Now your reaction to this might well be “Who cares? I’m blogging for fellow coders.” And that is your choice, of course. But I think you have a lot more to offer than that. Hey, I’m being greedy! I just want to see more of what I enjoyed!

  8. Daniel Jalkut Says:

    Stilgherrian: Thanks for the thoughtful follow-up. I think I was cranky last night when I replied and just read more flame-bait into your comment than may have been appropriate. That’s the only defense I have for declaring you anti-celebration. Basically you’re right, you caught me being oblivious to the global nature of the audience.

    I feel the problem of a divided readership, and it’s frustrating to me, but I don’t know how to solve it. The blog started very explicitly as a Mac developer (coding) blog, but I know there are non-coders who now read on a regular basis. I suppose one way to solve it is to pick some very high-level categories and stick to using them on all posts to differentiate “coder” entries from “normal people” entries :)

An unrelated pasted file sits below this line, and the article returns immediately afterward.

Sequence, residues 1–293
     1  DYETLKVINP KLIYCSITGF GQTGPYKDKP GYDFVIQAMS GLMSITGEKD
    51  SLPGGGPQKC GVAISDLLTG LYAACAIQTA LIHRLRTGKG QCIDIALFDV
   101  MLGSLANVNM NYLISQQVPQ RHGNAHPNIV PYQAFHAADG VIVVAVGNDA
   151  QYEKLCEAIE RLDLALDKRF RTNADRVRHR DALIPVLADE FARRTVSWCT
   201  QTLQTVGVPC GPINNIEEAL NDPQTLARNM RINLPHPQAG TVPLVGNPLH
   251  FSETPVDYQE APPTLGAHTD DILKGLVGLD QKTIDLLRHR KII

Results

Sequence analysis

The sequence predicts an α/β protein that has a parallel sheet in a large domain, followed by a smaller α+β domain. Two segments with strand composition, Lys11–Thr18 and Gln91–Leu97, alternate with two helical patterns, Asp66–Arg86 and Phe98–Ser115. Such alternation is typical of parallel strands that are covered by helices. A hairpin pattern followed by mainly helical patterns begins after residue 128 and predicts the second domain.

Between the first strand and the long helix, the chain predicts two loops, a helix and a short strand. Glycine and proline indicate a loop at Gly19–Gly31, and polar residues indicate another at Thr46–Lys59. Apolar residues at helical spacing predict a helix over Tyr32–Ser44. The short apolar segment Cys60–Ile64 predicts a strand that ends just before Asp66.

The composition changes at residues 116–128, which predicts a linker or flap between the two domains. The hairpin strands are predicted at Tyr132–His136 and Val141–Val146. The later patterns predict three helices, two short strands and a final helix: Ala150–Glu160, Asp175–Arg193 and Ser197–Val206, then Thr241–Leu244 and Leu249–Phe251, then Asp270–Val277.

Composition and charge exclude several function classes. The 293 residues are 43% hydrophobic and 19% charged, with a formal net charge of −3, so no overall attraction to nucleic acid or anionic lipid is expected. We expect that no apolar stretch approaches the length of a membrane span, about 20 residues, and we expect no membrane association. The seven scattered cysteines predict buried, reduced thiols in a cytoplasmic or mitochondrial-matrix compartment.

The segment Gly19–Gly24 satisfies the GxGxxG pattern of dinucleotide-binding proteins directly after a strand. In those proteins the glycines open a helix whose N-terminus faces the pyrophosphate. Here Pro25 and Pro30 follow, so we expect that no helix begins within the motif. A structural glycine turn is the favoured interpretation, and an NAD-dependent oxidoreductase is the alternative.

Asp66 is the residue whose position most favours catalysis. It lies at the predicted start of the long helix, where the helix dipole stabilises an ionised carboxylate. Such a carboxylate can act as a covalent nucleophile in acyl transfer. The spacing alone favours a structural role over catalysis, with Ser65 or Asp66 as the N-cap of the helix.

I’m glad you appreciate the parts of the blog that speak to you, and I hope you’ll continue skimming past the coding tips as they pop up.

  9. Stilgherrian Says:

    I’m guessing categorisation is the way to go — but don’t separate out the streams too much. Part of the joy of blogs, for me anyway, is the seredipitous discovery.

  10. Cameron Says:

    Thanks for hint #2 … think that is going to be a life-saver at the office this year.

  11. My Green Jar » Blog Archive » Xcode Tips Says:

    […] Many thanks to Daniel Jalkut for sharing some Xcode hints on his blog (link) . The best thing about mac development is definitely the development community. […]

  12. Adam Chester Says:

    Thanks as always for the hints. Number 2 is worth its weight in gold!

  13. Friday morning Apple links | Ars Technica Says:

    […] Red Sweater Blog has a list of Summer Xcode Tips: "All this warm weather puts me in the mood for Xcode tips! I’ve been saving up a few […]